Govt, oil sector profiteering from petroleum

The ‘friends of people’ — the major political parties when not in power and some other anti-establishment groups — used to clamour whenever the prices of petroleum products shot through the roofs. Now, a tricky situation has arisen for them: they need to protest every day, as the prices have been increasing almost by the day, thanks to the daily revision policy introduced in mid-June. Already petrol and diesel prices have registered an 8% hike in three months. The trend suggests a further rise, although with some slumps now and then.

The present daily pricing method, devised to avoid even a single day of shortfall in earnings of the companies and the government, is the culmination of earlier policies that could not be stalled by opponents of market-friendly policies. The Administered Price Mechanism (APM), through which the government controlled the prices, was dismantled way back in 2002; not just in one day, but after a decade-long planning.

The reforms-obsessed governments after 1990s — led either by Congress or BJP — made a U-turn from the first industrial policy resolution of 1948 which declared that “petroleum is a core sector of industry, the future development of which will be the sole and exclusive responsibility of the state”. The policy of, ‘social benefit’ was replaced with the ‘commercial profit’ doctrine and to invite more private participation.

Although the opponents could not stall the policy, they protested, though not to great success, each time the phased dismantling of the APM was implemented, which was experienced through a hike in the prices of petroleum products.

The drastic step of totally deregulating petrol price was taken on June 26, 2010. In pursuit of this policy, the present BJP-led government brought diesel also under market control in October 2014. The move was effected at an opportune time, when international crude prices were ruling low, because the government knew that the protests would be more pronounced only if it were done when international crude prices were high and the adverse effects of a policy change became apparent immediately.

Whatever the method, the need to bring in the policy changes was based on wrong claims: huge losses to oil marketing companies and heavy subsidy burden on the government. The government’s own statistics prove them wrong. Neither it gave
more subsidies than it had gained in various forms from the oil sector, nor were the oil
marketing companies suffering any loss.

During the five-year period leading to this change, from 2005-6 to 2009-10, the Government of India received a huge Rs 3,91,486 crore as tax and non-tax revenue from the petroleum sector, against the paltry subsidy it paid, Rs. 26,008 crore, which equalled 6.64% of what it received. Similarly, the companies under the petroleum ministry got a profit after tax of Rs 1,26,294 crore and the three public sector oil marketing companies gained Rs 36,653 crore.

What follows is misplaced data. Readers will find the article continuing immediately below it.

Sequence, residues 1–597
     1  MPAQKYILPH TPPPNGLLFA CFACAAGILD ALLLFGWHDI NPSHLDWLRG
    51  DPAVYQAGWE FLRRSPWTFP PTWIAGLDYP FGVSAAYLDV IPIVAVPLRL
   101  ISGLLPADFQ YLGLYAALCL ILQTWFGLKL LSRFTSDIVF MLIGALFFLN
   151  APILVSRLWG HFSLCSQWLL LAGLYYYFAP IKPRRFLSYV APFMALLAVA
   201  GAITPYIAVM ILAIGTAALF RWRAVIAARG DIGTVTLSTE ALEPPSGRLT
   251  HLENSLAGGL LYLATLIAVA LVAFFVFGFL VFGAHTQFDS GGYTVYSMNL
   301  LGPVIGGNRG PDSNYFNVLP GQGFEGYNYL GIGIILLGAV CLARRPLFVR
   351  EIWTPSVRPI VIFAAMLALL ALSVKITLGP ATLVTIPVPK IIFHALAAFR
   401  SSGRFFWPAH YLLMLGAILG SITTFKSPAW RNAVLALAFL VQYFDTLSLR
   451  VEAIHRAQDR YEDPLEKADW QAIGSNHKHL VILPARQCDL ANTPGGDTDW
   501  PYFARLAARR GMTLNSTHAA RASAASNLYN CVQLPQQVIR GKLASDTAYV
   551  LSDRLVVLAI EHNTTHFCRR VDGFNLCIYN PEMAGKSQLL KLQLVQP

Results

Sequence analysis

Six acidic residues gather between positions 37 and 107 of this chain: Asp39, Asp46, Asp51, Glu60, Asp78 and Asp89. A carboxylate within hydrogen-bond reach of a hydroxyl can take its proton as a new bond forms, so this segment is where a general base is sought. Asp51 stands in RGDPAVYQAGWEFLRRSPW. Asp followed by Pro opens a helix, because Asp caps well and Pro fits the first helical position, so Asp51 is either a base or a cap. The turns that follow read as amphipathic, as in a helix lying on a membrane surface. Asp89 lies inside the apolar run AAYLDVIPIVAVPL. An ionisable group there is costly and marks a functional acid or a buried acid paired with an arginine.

The petroleum and natural gas statistics-2015-16, compiled by that ministry, show the trend of increasing profits. The central government, for the six-year period from 2010-11 to 2015-16, received royalties from the crude of Rs 95,030 crore and, from gas, Rs 19,744 crore. Towards the oil development cess, it got Rs 62,689 crore for the same period. Similarly, its excise and customs kitties together got Rs 7,37,774 crore. Also it garnered the dividends of Rs 86,589 crore. In addition, state governments got nearly Rs 7 lakh crore from the oil sector.

The three public sector oil marketing companies, accounting for 93.6% of the 56,190 retail outlets in India, too, continued to make enough profits. The Indian Oil Corporation’s profit after tax in 2015-16 was Rs 10,399 crore and was expected to grow next year to Rs 14,974.77 crore; the BPCL’s figures were Rs.7,432 crore and Rs. 6,123 crore; and, that of HPCL were Rs. 3,862 crore and Rs 4,500 crore. So, the oil sector is undoubtedly robust and getting stronger commercially by the day.

Oil lubricating subsidies

As per the government’s own admission: “the share of the petroleum sector in total subsidies has declined from 23.34% (Rs. 60,269 crore (actual) in 2014-15 to 11.64% (Rs 30,000 crore (RE)) in 2015-16 and is budgeted at 10.76% (budget estimate) in 2016-17”.

It is not true that the government gave any subsidy to the oil sector. What is true is that the oil sector met the cost of all the government subsidies. The total subsidy bill of the Centre in 2015-16 was Rs 2,57,731.95 crore, whereas it got a revenue of Rs 2,63,130 crore from the oil sector alone, which included royalties (Rs 16,774 crore), oil development cess (Rs 15,854 crore), Excise and customs (Rs 2,13,995 crore) and dividends (Rs 16,507 crore). In addition, the sector has given Rs 1,42,938 crore to state governments’ exchequers.

All these macro facts themselves justify the need and demand for reducing petroleum prices without harping on much talked-about facts like per litre cost, tax load and the like. It is not correct for the government to hide facts behind the claims of excessive import dependence of crude; it should not forget to factor in domestic crude production while framing the price policy.

For instance, in 2015-16, 36.950 million metric tonnes (MMT) of crude was produced domestically and 202.85 MMT imported. Also, more than the required quantity is refined.

The value of total petroleum imports, in 2015-16, was Rs 5,27,765 crore against exports worth Rs 1,76,773 crore. It is an admirable fact that the country is producing more than it needs and it should increase the refining capacity multi-fold. But the government should share the benefits with the people by stopping itself from profiteering.

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